Tag Archives: Prairie Bible College

The end of the line for Prairie Bible Institute?

Canada’s oldest fundamentalist Bible College finds itself in the middle of a sex abuse scandal.  As Jeremy Klazus reports in the Calgary Herald, instead of looking outward for a third party, it is trying to handle things internally.

Callaway, who did his master’s research on sex abuse in churches and recently completed a doctoral thesis on Prairie’s history, says the school had a "high authoritarian" atmosphere in which L.E., who died in 1984, spoke for God.

"You just didn’t question him, at least publicly," he said.

After L.E.’s death, the school slowly started relaxing rules (staff, for example, were allowed to have TVs in their homes).

Callaway says he’s not surprised but saddened by the allegations of abuse at Prairie. He was also not surprised when he heard that the board appointed a member to handle the matter, given the school’s history.

"I thought, ‘This is a chapter out of that same book – going to keep it internal, going to try to solve it in-house,’ " said Callaway.

The school has suffered from plummeting enrolment and internal strife over the past decade, but this year the numbers levelled out.

Mark Maxwell, who took over as president last year, has repeatedly said the school is taking a new direction toward openness and transparency.

"There’s this idea that the board is going to protect the image or the reputation of the school," said Maxwell. "No, that’s the way you destroy the school, actually, by trying to artificially protect its reputation. I think we can leave the reputation of the school with God."

Prairie’s willingness to publicly acknowledge the allegations would have been unheard of in years past.

The school put a news release about the matter on its website before the Herald broke the story on Saturday, more or less inviting media scrutiny.

"The move could backfire," said Callaway.

"It’s one of those situations where you’re damned if you do, damned if you don’t, really."

I am not sure what to think.  I have several friends my age who were sexually and physically abused in churches across the country and the families and churches when they found out, kind of just ran the abuser out of town.  In rural areas there wasn’t the capacity to deal with a lot of the abuse.  When Wendy came out about her own sexual abuse, many women we know (and readers of this blog) reached out and said they went through the same thing.  You also have the residential school abuse.  Even noted lawyer and scholar Larry Lessig went through is own personal abuse.

If I was Prairie, I would bring in a third party, offer whatever help that they can offer, and cooperate in whatever way they can.  In many ways I would pay as little attention to my lawyers as possible and listen to some pastors and counsellors.  If victims want to sue, I doubt Prairie has the resources to survive and if you are going to go down, go down trying to do the right thing.  I feel for the victims.  Hopefully there is a process that can lead to peace and heading.

The Death and Life of Prairie Bible College

Jeremy Klazus has a great article on the trials and tribulations of Prairie Bible College.

Prairie Bible College Opinionated alumni and donors have long scolded PBI leaders for deviating even slightly from the status quo. Even L.E. got flak. After spending 19 years as a missionary in Japan, a Prairie grad named Marvin L. Fieldhouse returned to PBI, disliked what he saw and wrote a fiery undated pamphlet titled “Whither Bound” (described on its stark black cover as “a shocking analysis of current trends at Prairie Bible Institute”). Inside, he recalled seeing Ernest Manning, then Alberta’s premier, on the platform at PBI’s 40th anniversary in 1962, a scene that would have been incomprehensible in the institute’s early days. L.E. had warmed to politics over the years and especially liked Manning, admiring that he kept his radio broadcasts free from politics (“a wiser man than Aberhart,” he once wrote). Fieldhouse was nevertheless incensed. “I honestly wanted to vomit right where I sat in the tabernacle,” he wrote.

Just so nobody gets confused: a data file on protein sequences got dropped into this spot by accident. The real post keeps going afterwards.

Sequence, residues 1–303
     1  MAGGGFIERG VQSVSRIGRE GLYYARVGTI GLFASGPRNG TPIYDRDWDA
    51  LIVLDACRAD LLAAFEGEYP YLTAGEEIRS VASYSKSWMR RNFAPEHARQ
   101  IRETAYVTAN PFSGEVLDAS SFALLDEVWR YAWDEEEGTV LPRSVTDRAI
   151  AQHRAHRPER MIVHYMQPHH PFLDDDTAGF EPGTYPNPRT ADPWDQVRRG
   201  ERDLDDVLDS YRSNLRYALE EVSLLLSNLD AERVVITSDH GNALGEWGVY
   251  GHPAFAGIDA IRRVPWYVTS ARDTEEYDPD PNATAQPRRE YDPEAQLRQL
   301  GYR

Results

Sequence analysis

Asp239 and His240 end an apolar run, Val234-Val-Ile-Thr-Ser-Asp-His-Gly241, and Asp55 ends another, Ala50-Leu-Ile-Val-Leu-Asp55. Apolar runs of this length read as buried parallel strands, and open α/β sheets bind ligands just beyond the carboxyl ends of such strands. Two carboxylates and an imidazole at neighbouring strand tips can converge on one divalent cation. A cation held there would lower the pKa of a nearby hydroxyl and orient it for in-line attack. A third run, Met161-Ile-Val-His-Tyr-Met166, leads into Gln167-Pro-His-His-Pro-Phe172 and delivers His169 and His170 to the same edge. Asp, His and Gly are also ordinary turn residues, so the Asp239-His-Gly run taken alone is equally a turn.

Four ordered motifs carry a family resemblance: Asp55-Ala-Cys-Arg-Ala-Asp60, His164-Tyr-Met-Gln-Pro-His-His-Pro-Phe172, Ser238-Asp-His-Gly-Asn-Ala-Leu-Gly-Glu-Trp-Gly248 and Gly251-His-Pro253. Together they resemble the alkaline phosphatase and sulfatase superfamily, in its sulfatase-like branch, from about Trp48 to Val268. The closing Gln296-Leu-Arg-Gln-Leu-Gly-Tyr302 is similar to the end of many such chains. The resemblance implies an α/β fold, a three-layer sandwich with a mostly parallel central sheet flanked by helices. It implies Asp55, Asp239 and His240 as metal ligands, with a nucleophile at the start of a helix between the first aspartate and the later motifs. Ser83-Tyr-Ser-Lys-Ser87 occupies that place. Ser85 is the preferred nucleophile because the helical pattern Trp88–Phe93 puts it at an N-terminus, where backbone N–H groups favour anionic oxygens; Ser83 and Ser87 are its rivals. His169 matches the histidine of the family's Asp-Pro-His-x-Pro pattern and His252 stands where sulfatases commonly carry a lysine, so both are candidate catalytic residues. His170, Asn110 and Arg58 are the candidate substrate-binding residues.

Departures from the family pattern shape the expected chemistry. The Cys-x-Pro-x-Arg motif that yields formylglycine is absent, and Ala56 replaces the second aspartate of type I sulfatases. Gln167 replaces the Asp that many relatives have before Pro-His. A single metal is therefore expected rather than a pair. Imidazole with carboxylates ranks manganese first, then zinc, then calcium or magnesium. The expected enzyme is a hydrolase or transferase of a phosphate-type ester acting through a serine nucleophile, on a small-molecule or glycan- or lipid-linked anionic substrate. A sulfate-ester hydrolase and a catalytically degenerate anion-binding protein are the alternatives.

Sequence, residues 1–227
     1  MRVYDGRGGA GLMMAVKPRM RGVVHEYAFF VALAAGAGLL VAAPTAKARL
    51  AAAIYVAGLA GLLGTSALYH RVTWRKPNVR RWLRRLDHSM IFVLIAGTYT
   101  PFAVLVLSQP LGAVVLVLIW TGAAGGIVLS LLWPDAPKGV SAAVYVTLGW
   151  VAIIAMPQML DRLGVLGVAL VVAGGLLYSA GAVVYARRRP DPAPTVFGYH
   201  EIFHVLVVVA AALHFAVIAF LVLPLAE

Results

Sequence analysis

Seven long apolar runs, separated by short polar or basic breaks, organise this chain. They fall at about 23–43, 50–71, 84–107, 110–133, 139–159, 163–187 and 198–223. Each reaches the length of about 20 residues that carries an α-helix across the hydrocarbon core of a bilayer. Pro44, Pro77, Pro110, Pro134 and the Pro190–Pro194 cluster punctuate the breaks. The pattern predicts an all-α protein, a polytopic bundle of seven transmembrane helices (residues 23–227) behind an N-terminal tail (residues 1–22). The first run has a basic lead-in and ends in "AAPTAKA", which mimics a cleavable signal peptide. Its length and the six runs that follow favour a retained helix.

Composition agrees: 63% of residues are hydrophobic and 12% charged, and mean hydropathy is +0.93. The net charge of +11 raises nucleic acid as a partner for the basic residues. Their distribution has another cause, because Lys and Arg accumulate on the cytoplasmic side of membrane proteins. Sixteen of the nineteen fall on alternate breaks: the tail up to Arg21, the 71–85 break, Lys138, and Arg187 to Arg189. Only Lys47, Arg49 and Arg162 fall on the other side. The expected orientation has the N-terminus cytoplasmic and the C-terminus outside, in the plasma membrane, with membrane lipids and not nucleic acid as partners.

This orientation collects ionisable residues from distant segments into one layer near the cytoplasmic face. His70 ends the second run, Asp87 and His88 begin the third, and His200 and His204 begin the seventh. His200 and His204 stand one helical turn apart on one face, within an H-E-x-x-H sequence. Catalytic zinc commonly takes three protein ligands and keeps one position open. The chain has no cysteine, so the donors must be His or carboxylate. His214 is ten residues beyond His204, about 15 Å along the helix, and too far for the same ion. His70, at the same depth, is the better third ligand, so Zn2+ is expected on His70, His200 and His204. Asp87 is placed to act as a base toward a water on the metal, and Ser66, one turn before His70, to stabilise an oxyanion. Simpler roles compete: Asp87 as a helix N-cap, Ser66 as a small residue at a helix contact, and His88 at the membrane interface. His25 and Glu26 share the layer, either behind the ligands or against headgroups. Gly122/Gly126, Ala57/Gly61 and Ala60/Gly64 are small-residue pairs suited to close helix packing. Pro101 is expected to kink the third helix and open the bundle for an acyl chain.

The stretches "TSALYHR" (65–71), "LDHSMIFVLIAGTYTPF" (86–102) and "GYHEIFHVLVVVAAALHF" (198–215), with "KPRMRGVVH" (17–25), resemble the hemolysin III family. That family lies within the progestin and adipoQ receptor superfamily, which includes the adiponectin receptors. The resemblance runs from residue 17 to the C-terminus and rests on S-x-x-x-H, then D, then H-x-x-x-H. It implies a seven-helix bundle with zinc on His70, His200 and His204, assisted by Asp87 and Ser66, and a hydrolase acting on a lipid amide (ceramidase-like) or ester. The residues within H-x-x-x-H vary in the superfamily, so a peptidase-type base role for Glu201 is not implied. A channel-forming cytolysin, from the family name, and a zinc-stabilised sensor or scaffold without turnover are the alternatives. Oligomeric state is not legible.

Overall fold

L.E. got sheaves of letters from similarly disgruntled American fundamentalists. A Minneapolis woman who’d heard that her niece was using hair rollers at Prairie wrote in 1966, “No wonder that in the picture which she sent home that she looked so worldly—much more so than when she left home. What is happening to your standards up there anyway??” Other letters carried a more menacing tone. After a PBI quartet visited his church in 1977, Pastor George C. Bergland of Le Roy, Minnesota wrote saying he was distressed by the singers’ appearance. “For example, last night, some of the young fellows badly needed a haircut. One of them had a moustache.” Bergland was further offended by “pictures of girls in slacks playing tennis” in a PBI publication. Then came his threat: “I am writing to say that if the trend towards worldly dress and haircuts continues I am sure that it won’t be long before our support will be discontinued. I am sure that the same will be true of many fundamental churches.”

L.E. responded generously even to the kooks. To Bergland, he wrote, “we appreciate folk who hold standards in this day—when the whole world has pretty well gone down the drain.” Yet he reminded his correspondent that “there are greater things that unite us” than moustaches and hairstyles. Still, change came slowly at PBI. L.E. himself resisted faculty efforts to relax rules forbidding male-female interaction, and TVs were forbidden in staff homes until the mid-’80s, after L.E. had died.